By Dale K. Benington, July 20, 2011
3. Battle of Fallen Timbers Marker
How the historic marker was displayed in the Lamb Center on the day that I visited.
. Why Fight Here? ( about 400 feet away, measured in a direct line); Partners in Preservation ( about 500 feet away); Unfair Negotiations ( about 600 feet away); Early American Defeats ( about 700 feet away); Fighting Forces ( about 800 feet away); A Long March ( approx. 0.2 miles away); Cover and Camouflage ( approx. mile away); Caught Off Guard ( approx. mile away). Touch for a list and map of all markers in Maumee.
 
More about this marker. This marker was moved from the Edward and Prudence Lamb Heritage Center, over at Side Cut Metro Park, to the Fallen Timbers Battlefield Park, when the new park opened in October of 2015.
 
Also see . . .  Battle of Fallen Timbers. This is a link to information provided by the Ohio Historical Society at their Remarkable Ohio web site. (Submitted on April 22, 2012, by Dale K. Benington of Toledo, Ohio.) 
 
Categories. Native AmericansWars, US Indian
 
Battle of Fallen Timbers Marker image. Click for full size.
By Dale K. Benington, July 20, 2011
4. Battle of Fallen Timbers Marker
View of the front door to the Lamb Center where the historic marker was originally displayed.
Battle of Fallen Timbers Marker image. Click for full size.
By Dale K. Benington, July 20, 2011
5. Battle of Fallen Timbers Marker
View of the outdoor patio and steps that lead to the Lamb Center where the historic marker was once located.
Battle of Fallen Timbers Marker image. Click for full size.
By Dale K. Benington, July 20, 2011
6. Battle of Fallen Timbers Marker
Distant view of Lamb Center where historic marker was once located.
Battle of Fallen Timbers image. Click for full size.
By Dale K. Benington, April 20, 2011
7. Battle of Fallen Timbers
View of painting of the Battle of Fallen Timbers that is on display at the Fort Meigs museum, just across the Maumee River from the site of both the historic marker and the battlefield.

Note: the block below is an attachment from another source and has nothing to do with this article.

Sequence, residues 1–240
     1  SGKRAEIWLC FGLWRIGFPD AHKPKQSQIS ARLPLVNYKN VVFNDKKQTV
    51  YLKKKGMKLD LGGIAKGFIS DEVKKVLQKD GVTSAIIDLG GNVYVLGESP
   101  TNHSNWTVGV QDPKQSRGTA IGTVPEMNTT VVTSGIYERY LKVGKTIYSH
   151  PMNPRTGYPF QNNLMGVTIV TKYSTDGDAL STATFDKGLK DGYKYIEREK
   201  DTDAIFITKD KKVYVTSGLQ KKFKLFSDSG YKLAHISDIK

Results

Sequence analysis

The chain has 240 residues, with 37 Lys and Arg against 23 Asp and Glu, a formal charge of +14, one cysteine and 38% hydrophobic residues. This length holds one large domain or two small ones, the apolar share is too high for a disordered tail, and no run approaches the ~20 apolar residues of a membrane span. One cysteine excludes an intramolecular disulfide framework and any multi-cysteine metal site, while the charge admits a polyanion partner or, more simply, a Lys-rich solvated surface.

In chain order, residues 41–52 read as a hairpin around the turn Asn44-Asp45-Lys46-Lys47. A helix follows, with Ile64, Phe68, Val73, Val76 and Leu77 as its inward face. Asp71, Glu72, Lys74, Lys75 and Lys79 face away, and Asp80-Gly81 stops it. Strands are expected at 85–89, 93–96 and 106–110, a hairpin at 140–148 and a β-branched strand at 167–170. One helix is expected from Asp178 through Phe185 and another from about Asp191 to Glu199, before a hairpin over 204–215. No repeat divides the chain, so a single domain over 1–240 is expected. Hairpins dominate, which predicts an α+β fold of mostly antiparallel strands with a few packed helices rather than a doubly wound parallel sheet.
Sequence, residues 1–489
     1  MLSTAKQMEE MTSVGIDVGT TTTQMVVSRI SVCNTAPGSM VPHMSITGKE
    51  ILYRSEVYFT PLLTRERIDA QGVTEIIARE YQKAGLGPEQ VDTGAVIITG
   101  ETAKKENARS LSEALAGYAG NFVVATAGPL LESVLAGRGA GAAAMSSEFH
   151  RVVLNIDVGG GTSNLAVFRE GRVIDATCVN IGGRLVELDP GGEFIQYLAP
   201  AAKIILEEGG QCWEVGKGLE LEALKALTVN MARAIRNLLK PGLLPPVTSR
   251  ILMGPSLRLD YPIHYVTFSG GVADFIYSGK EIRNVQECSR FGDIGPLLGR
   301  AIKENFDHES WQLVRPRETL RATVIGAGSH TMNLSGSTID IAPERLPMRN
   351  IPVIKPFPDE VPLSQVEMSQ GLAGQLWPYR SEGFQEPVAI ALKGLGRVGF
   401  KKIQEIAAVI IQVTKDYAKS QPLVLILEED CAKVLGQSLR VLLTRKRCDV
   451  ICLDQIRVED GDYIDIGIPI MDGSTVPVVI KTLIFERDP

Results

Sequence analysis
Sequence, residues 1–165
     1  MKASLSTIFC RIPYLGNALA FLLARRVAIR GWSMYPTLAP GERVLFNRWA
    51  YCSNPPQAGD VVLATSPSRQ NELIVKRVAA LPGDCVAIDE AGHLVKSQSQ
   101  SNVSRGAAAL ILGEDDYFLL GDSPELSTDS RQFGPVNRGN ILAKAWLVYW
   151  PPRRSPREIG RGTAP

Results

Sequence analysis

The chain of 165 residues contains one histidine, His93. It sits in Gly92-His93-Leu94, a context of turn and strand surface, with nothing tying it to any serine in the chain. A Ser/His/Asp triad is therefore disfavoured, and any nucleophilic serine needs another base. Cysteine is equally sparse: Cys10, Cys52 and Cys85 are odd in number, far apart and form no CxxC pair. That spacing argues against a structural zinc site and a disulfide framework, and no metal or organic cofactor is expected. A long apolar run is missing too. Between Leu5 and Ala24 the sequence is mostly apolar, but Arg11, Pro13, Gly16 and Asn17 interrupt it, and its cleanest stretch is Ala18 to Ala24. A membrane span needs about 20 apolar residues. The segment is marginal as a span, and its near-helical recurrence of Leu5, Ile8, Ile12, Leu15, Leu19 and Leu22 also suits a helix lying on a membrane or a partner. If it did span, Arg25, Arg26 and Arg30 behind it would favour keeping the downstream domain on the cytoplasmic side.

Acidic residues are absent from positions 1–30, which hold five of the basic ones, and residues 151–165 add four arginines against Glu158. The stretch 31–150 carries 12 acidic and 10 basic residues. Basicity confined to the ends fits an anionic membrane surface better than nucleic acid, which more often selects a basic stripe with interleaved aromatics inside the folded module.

Battle of Fallen Timbers Marker image. Click for full size.
By Dale K. Benington, November 5, 2015
8. Battle of Fallen Timbers Marker
View of the front side of the marker, situated in its new location, in the parking area of the new Fallen Timbers Battlefield, Visitor Center.
Battle of Fallen Timbers Marker image. Click for full size.
By Dale K. Benington, November 5, 2015
9. Battle of Fallen Timbers Marker
View of the marker (seen in the extreme right of the picture) situated in the parking area of the park's visitor center (seen in the left/center of the picture).
Battle of Fallen Timbers Marker image. Click for full size.
By Dale K. Benington, November 5, 2015
10. Battle of Fallen Timbers Marker
View of the Metro Park/Federal Park sign, for the Fallen Timbers Battlefield Visitor Center, situated along the east side of Jerome Road.
 
 
Credits. This page was last revised on April 6, 2017. This page originally submitted on April 15, 2012, by Dale K. Benington of Toledo, Ohio. This page has been viewed 1,011 times since then and 87 times this year. Photos:   1, 2, 3, 4, 5, 6, 7. submitted on April 24, 2012, by Dale K. Benington of Toledo, Ohio.   8, 9, 10. submitted on November 5, 2015, by Dale K. Benington of Toledo, Ohio. • Bill Pfingsten was the editor who published this page.